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9 reasons Doris Day is a certified legend

Image: Associated Press

Is there anything Doris Day couldn't do? She could sing, she could dance... she could certainly act.

At one point in time, Doris Day was the biggest name in Hollywood. But over the years, we tend to remember other, more controversial stars when we think of Hollywood legends. 

Because Day retreated from the spotlight in the 1970s, we tend to forget just how massive of a star she was. 

To honor the actress, we're listing several reasons we should remember Day as one of the greats.


She didn't know — or care — how old she was.

For the longest time, Day thought (or claimed she thought) she was born in 1924. But The Associated Press obtained a copy of her birth certificate that said she was born on April 3, 1922.

"I've always said that age is just a number and I have never paid much attention to birthdays, but it's great to finally know how old I really am," Day said in a statement in 2017.

Image: GIPHY


She's kept making records — and breaking records.

After 45 years of silence, Day recorded and released the album My Heart in 2011. At the age of 89, Day's 29th studio album debuted at No. 9 on the U.K. albums chart, making her the oldest artist to chart in the Top 10 with new material.

Image: Amazon


Her fame endured.

Even though Day was one of the biggest box office stars of the 1960s, she stopped making films in 1968. However, she's still ranked as one of the top 10 box office performers of all time, tied at sixth with John Wayne and Shirley Temple.

Image: Associated Press


She still received loads of fan mail in recent years.

Despite retreating from the spotlight after her eponymous show ended in 1973, Day still got hundreds of fan letters each week. 

Image: GIPHY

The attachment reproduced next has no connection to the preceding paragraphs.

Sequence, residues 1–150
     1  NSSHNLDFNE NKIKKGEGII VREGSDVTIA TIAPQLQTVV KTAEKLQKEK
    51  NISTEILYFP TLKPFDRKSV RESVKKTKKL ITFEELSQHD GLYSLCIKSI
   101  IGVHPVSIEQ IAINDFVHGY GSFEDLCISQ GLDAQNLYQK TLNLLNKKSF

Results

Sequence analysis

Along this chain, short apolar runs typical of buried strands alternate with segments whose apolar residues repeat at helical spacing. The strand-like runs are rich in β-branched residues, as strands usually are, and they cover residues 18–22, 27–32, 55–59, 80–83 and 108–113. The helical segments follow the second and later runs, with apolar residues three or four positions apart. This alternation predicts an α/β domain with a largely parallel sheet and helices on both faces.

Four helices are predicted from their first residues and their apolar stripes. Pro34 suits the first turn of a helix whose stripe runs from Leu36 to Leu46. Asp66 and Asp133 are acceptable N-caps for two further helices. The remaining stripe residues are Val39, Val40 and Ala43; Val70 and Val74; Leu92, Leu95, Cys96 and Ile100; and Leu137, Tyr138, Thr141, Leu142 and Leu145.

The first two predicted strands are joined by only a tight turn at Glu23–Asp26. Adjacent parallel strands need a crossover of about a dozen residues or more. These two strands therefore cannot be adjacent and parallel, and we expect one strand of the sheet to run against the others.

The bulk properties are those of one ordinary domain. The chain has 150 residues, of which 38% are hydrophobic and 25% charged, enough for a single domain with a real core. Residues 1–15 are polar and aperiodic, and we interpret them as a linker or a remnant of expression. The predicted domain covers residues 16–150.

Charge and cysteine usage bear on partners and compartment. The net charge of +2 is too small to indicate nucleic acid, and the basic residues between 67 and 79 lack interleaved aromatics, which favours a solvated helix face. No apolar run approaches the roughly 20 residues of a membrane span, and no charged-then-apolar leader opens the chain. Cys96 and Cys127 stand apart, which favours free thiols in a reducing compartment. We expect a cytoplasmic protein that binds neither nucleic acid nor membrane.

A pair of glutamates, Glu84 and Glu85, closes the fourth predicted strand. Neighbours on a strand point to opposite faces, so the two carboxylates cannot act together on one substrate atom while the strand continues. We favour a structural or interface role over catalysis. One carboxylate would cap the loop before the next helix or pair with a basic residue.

She loved animals.

Just like fellow nonagenarian Betty White, Day had love and passion for animals. She founded the Doris Day Animal Foundation in the early 1970s. Later on in the 1980s, Day established the Doris Day Animal League, which endures to this day.

Image: Pinterest


Alfred Hitchcock liked her.

When Day appeared in The Man Who Knew Too Much, she was bothered by the fact Hitchcock wasn't giving her any direction. She confided in costar James Stewart that she thought Hitchcock hated her, with Stewart replying the director will only direct you when you need direction.

After confronting Hitchcock herself, Day found out the director was very pleased with her work and she was portraying the part of Jo perfectly. 

Image: Universal


She didn't know she signed on for a TV show.

Day revealed in her 1975 autobiography she had no clue she was going to do The Doris Day Show. The actress said her third husband, Martin Melcher, signed her up for the series in 1968 without her knowledge. Day only found out about the show after Melcher died of heart disease the same year. 

"I was really, really not very well when [Melcher] passed away, and the thought of going into TV was overpowering. But he'd signed me up for a series," Day told OK! Magazine in 1996.


She survived bankruptcy.

The Doris Day Show wasn't the only thing Melcher did behind Day's back. After Melcher died in April of 1968, Day found out her husband and his business partner, Jerome Bernard Rosenthal, wasted her earnings. Day started the 1960s as the most successful actress and ended the decade flat broke. She was eventually awarded a settlement in 1979.

Image: Associated Press


Denver Pyle was two years older than Day.

Pyle portrayed Day's father in the first few seasons of The Doris Day Show. However, the actor was born on May 11, 1920, less than two years before his onscreen daughter. Oh, Hollywood!

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